This is pregnant me.
I read every parenting book, went to tons of classes and felt completely prepared to be a mom. I silently criticized parents on the street, telling myself I would raise my kid differently. I was a pregnant know-it-all:
This is, "I just had a baby and have no idea what I am doing, I am totally exhausted, insecure about everything I do, haven't showered since before my baby was born, am wondering why everything isn't everything as easy as it sounded in the parenting books, and tell me why again I took a birthing/newborn care class from a woman who had never had a baby?" me:
I know that's a mouthful, but it's the only way I can describe myself in this picture. I am passed out in bed next to a wide-awake baby. She was way smaller than I had imagined and it freaked me out.
No matter how many books you read or classes you take, nothing can prepare you for motherhood. Now that I am a mom, I never judge parents with screaming children because usually, my daughter was the one throwing the temper tantrum earlier that day. My child is now a toddler and I haven't bought What to Expect in the Toddler Years because I know that the only thing I can expect is the unexpected.
That's why, when my husband and I went to the dentist for a cleaning, I said nothing to the pregnant know-it-all nurse, because I was once in her shoes. See, usually one of us watches our daughter while the other one is getting their teeth cleaned. There was a scheduling error that day and they had us getting our teeth cleaned at the same time. The pregnant nurse suggested that the receptionist watch my toddler. I knew this wouldn't work, because she doesn't like strangers, but I decided to go along with it. Of course, our daughter flipped out.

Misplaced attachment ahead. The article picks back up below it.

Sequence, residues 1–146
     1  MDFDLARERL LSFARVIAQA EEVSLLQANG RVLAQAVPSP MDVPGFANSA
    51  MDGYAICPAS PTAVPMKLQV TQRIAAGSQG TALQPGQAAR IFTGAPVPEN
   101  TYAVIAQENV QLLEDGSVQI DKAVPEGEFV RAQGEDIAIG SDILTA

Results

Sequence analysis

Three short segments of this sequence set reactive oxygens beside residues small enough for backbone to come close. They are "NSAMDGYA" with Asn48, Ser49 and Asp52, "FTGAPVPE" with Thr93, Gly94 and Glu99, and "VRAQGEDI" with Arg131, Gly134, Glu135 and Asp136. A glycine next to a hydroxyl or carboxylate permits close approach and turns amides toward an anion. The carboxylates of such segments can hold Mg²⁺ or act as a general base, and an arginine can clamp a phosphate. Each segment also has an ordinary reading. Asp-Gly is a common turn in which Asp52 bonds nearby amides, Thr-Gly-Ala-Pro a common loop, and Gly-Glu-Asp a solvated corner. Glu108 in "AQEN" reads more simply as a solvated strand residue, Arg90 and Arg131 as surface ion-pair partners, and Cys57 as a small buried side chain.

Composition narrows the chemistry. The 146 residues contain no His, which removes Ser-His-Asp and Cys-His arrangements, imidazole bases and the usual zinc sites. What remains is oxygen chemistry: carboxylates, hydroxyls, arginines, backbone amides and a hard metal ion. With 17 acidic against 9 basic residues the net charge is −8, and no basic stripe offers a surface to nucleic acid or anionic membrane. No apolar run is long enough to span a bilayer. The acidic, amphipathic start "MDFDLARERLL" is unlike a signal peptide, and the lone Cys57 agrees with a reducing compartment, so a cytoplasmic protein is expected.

Next, the nurse suggested we put our toddler in her car seat so she could watch me get my teeth cleaned. I knew this wouldn't work either, because my child was antsy from the car ride and I don't know, maybe watching her mom get her teeth cleaned would scare her? Sure enough, the second the dentist started cleaning my teeth, she screamed "Mommy!" Then, the pregnant nurse made some balloons out of medical gloves and started dancing in front of her. This made matters much worse, and the dentist decided he would change his schedule so that I could watch my daughter while my husband got his cleaning done. Then I would get mine done afterwards.
When I was watching my daughter calmly play in the waiting room, I wondered why I had bothered trying to make something work that I knew would not work. I think the reason why is because I was once the pregnant know-it-all who thought a 1-year-old could sit silently in her car seat while watching her mom get her teeth cleaned. Or that a kid would have no problem being watched by a complete stranger. Toddlers are so easy, right? I had sympathy for the nurse and didn't want to burst her baby bubble. I am confident she went home that day thinking, "Wow, that kid was tough. My baby will be different."
Since I was so unprepared for everything parent and baby-related, I always wonder if I should be brutally honest when a pregnant women tells me her plans for a perfect delivery and easy transition into motherhood, or if I should just smile and nod. No matter what I say, there is nothing anyone can say that can prepare a new parent. But then again, I wish someone could have told me about the hair loss, bloating, exhaustion, crying and utter confusion that comes along with becoming a first-time parent. But can you really ever explain it? Is it something you just have to experience?
I have no answers. What do you think? Should you be completely honest to a pregnant first-time mom or should you let them live carefree until the baby bomb drops?
This post was originally published on PoopPeePuke.com